All trading has halted on the New York Stock Exchange, and the NYSE would like everyone to know that it’s the result of an internal technical screwup and not a cyberattack.
One of the cryptozoology world's most polarizing figures, Tom Biscardi, is planning an IPO to help fund his ongoing search for Bigfoot.
A team of sophisticated hackers with insider trading ambitions has been targeting executives at over 100 organizations for over a year. While their hacking techniques aren't all that sophisticated, they appear to have a deep understanding of the investment banking industry.
Eventually, they could end up on your roof, beaming trading data across the sky: Lasers, originally developed by the military, that are now being co-opted by high-frequency traders looking for even faster ways to do business.
El nuevo año en Wall Street parece de ciencia-ficción. Una de las imágenes del recibimiento del 2014 nos llega de Wall Street: en la foto, un trader trabaja en la tarde del pasado 31 de diciembre mientras lleva unas gafas luminosas. Si no fuera por el año y porque es una foto real, pensaríamos que viene de una…
Just the other day, the New York Post outed Bloomberg reporters for monitoring Bloomberg terminals to track Wall Street traders' accounts. Now, the Financial Times has pointed out another egregious but unrelated security problem: apparently more than ten thousand confidential terminal records have been on the Internet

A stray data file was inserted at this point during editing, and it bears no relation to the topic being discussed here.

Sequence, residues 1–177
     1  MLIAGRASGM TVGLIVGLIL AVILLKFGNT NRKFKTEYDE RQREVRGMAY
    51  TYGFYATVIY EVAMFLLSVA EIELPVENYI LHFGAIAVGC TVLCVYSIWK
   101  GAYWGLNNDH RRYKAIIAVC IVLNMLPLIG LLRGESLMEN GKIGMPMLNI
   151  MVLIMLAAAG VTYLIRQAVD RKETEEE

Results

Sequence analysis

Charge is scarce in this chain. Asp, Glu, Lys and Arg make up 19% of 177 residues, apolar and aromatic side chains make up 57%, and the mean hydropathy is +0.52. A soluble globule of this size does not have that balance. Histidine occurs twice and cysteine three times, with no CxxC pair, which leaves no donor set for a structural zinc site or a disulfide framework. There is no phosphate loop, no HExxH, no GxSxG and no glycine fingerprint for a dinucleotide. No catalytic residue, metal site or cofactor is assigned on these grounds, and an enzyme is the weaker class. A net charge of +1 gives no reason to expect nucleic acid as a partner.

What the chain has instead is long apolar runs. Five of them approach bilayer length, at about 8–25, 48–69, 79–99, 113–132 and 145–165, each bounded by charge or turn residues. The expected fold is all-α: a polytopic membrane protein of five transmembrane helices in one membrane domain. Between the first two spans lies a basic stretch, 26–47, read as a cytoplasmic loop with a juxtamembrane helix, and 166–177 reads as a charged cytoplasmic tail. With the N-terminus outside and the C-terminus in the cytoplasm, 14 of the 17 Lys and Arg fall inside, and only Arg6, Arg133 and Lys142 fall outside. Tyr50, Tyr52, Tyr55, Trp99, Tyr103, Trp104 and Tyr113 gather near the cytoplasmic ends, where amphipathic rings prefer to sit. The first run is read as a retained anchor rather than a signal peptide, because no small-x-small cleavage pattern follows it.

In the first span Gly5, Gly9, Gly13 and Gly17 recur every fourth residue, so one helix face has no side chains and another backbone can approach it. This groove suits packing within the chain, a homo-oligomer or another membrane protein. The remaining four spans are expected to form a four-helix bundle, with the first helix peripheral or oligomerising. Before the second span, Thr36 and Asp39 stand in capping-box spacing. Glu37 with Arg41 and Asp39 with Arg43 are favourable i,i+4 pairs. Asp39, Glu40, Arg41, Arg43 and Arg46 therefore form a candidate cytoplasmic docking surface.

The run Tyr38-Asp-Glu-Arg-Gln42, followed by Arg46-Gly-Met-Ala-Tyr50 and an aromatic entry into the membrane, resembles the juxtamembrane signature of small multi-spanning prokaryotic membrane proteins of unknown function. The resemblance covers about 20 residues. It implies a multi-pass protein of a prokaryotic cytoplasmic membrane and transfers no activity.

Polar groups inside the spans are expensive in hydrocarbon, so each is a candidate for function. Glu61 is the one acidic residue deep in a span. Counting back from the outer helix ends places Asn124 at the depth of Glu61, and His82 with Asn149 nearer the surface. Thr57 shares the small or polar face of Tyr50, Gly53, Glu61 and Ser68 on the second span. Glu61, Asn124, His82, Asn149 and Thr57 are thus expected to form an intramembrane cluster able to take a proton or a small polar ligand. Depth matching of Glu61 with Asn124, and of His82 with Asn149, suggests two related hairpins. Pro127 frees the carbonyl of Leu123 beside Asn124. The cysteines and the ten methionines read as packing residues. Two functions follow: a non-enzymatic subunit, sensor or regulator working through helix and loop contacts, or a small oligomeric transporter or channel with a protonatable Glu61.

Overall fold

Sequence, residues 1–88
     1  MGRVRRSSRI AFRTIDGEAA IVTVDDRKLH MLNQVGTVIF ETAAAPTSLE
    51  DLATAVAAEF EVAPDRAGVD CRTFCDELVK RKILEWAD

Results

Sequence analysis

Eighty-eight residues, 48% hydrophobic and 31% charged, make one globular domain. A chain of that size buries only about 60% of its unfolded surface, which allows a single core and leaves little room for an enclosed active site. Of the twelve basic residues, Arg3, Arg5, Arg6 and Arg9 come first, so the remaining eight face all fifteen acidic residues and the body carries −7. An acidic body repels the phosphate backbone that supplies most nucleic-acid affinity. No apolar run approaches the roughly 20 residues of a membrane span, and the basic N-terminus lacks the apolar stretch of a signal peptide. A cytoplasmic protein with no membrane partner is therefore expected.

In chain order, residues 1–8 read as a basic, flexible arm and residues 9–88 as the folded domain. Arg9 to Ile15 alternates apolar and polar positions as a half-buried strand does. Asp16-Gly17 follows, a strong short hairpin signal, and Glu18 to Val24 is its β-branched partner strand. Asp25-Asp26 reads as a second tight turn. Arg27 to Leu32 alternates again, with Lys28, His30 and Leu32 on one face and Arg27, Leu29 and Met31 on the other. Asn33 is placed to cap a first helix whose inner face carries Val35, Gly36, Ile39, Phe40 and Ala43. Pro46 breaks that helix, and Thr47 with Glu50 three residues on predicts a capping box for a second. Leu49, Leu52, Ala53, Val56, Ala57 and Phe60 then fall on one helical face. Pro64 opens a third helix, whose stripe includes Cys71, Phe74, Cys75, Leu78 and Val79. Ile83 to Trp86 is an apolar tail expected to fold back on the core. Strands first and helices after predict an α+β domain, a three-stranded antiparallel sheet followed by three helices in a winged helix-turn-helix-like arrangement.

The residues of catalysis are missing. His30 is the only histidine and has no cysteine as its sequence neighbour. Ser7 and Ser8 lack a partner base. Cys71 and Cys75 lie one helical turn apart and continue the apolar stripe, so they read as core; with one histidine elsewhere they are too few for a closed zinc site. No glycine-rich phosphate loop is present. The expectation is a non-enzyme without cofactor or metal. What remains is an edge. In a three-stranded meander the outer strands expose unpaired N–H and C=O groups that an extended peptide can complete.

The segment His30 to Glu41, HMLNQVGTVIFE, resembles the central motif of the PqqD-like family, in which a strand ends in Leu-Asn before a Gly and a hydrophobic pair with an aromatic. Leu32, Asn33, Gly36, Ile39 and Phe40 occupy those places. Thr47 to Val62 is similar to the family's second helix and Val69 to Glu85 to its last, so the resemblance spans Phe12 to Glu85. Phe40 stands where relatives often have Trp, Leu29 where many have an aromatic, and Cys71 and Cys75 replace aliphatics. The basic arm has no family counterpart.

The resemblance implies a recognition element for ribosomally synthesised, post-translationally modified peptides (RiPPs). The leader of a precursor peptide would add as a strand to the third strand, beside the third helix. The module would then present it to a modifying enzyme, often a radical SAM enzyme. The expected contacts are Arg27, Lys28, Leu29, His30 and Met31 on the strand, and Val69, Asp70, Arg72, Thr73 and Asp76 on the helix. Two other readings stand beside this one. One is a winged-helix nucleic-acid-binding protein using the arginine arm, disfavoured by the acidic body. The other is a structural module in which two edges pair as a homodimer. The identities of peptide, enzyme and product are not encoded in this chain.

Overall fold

Trading on Wall Street is basically a huge game of poker and it would be kind of hard to bluff or cover your strategy if Bloomberg News reporters were watching your Bloomberg terminal to track your every move. So you'd assume that said reporters wouldn't abuse their corporate affiliation like that, because it would be…
Former Enron CEO and current jailbird Jeffrey Skilling should be out of jail in just four years, skipping nearly a decade of his prison sentence for corporate fraud and graft.
A year ago, IBM's Watson supercomputer bludgeoned human supernerds Ken Jennings and Brad Rutter in Jeopardy. Since then, Watson's been putting its natural language interpretation skills to work for health care organizations, but now it's coming for the money: As of yesterday, Watson works for Citigroup, one of the…
In 1912 almost all forms of gambling were illegal in the United States. A handful of states allowed betting on horse races, but that was pretty much it.
It wasn't until the Great Depression in the 1930s that gambling laws loosened, as gaming was seen by some as a way to stimulate the U.S. economy.
Apple's earnings call began with new CEO Tim Cook offering homage to Steve Jobs. He went on to note it set new records, sold a fuckton of phones, tablets, and computers, and made a huge pile of money.
So what do Wall Street's captains of industry do when they're not repeatedly punching the global economy in the neck for their own thrill and gain? Taking dumps in lovely bathrooms like this one—recreated in a greasy diner.
Just how deeply is Steve Jobs intertwined with the existence and vitality of Apple? Every time concerns over the company's former-CEO have risen, Apple's stock took an appreciable tumble. Today's resignation news appears to be no different.
Intel is set to acquire venerable security firm McAfee for a whopping $7.7 billion. Intel claims the deal will lead to safer computing through security measures that integrate their hardware, rather than a strictly-software approach. [Business Insider]